The flower on my Calla lily has gone and now there are these seeds where the flower was. I was wondering if the seeds were able to be planted. How long would they take to start growing? Is there anything special they can be used for? Anything on them would be nice.


1 Answer 1


A guess at the name of the plant you might mean has been made above as a comment with a link to an image showing Calla palustris, and you have confirmed that's your plant.

However, there is a great deal of confusion caused by the use of the common names 'calla' or 'arum' for another plant called Zantedeschia - there are plants called Calla palustris and Arum (maculatum, italicum) which are unrelated, though they have vaguely similar flowers. Since you describe your plant as having white marks on the leaves, it won't be Calla palustris, because it does not have white marks on the leaves, so it must be either Zantedeschia or Arum. Image of Zantedeschia variety here


Since its not entirely clear yet which plant you have, I'll just provide the link below which gives instructions regarding harvesting the seeds (note it refers to calla lilies, yet it means Zantedeschia) rather than quoting what it says


If you save and sow the seeds and they grow, it will be a minimum of three years before the new plants flower. You can, though, split Zantedeschia plants if you want to increase your stock more quickly. There is also a plethora of videos on youtube showing how to collect Zantedeschia seed.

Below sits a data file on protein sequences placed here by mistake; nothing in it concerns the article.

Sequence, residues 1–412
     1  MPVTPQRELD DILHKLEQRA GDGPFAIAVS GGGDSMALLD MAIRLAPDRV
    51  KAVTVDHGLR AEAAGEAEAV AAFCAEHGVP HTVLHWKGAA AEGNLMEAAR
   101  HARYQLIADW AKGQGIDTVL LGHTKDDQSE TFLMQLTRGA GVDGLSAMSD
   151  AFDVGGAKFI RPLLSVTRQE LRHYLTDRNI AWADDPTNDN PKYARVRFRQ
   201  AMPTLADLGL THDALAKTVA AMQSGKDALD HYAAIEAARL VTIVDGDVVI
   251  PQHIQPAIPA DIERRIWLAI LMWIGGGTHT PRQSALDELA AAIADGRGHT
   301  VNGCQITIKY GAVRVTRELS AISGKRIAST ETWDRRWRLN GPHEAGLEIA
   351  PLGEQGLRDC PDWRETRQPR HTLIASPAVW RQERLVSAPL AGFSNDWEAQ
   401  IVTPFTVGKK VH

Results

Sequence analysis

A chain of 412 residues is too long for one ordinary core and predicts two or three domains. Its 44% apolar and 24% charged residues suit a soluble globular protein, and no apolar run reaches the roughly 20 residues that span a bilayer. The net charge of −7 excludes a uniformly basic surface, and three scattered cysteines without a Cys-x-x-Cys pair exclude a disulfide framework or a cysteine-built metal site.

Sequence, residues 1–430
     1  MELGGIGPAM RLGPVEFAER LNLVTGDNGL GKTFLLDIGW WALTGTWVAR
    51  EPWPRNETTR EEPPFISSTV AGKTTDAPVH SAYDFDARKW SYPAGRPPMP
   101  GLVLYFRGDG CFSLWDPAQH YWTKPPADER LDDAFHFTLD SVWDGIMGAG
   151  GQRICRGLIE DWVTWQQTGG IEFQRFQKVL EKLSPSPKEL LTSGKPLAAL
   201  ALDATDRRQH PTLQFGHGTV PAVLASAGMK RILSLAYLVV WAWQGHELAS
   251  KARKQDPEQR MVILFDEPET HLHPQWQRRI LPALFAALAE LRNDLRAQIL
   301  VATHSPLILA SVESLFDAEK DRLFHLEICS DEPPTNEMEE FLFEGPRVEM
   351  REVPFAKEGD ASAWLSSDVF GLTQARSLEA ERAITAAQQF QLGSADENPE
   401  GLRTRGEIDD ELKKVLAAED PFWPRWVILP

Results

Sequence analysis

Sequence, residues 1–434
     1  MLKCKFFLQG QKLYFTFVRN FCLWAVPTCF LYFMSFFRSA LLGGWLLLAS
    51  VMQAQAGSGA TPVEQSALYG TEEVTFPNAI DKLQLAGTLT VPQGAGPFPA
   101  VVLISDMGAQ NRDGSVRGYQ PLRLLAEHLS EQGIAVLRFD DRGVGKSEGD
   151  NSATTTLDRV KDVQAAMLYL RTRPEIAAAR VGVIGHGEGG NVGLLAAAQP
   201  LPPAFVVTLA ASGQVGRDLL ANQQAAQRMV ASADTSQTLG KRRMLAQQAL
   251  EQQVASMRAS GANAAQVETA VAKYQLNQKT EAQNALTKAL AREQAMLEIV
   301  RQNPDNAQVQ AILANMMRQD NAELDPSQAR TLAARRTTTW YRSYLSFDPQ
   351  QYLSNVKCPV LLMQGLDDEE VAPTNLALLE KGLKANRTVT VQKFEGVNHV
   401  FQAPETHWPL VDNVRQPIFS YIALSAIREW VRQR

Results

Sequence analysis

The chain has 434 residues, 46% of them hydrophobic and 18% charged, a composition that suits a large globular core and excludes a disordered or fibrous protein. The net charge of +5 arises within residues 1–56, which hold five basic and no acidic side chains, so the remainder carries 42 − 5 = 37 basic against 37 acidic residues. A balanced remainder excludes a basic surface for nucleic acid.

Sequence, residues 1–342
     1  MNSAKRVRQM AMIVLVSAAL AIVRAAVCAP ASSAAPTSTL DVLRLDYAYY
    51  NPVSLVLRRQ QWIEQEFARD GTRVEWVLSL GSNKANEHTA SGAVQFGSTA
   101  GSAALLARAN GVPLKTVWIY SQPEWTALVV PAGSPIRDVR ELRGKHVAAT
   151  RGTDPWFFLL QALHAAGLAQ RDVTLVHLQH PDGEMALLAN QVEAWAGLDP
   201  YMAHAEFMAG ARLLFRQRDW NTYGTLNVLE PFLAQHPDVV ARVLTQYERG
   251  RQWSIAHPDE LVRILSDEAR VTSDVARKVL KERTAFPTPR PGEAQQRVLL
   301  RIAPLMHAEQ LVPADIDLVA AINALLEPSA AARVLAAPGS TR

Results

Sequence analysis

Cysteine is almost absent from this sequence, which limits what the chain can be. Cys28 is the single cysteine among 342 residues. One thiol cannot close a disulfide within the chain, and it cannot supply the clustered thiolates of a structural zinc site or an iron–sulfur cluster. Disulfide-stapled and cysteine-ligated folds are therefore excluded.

If, though, the plant you have with white marks on the leaves has produced a short stem covered in green 'berries' which are turning red, then its not Zantedeschia or Calla palustris - its Arum, and those seeds are toxic.

Note: just as a point of interest, there is so much confusion about the name Calla, I found an SF Gate link regarding collecting seeds from Zantedeschia, naming the plant correctly at the top, though also using the common name calla thereafter, but the picture they have with the link is clearly Calla palustris, not Zantedeschia... information on the internet becomes less and less reliable.

Its probably a lot easier to give a clear, simple answer if you add a photo of your plant.

  • +1 for differentiating between Zantedeschia and Calla Palustris. I've always thought they were the same thing.
    – Richard C
    Sep 22, 2016 at 8:15
  • @RichieACC You and 70% of people! It's not surprising really, the problem is the use of the common name calla - even the RHS now uses this term, though they at least give some explanation.
    – Bamboo
    Sep 22, 2016 at 10:17

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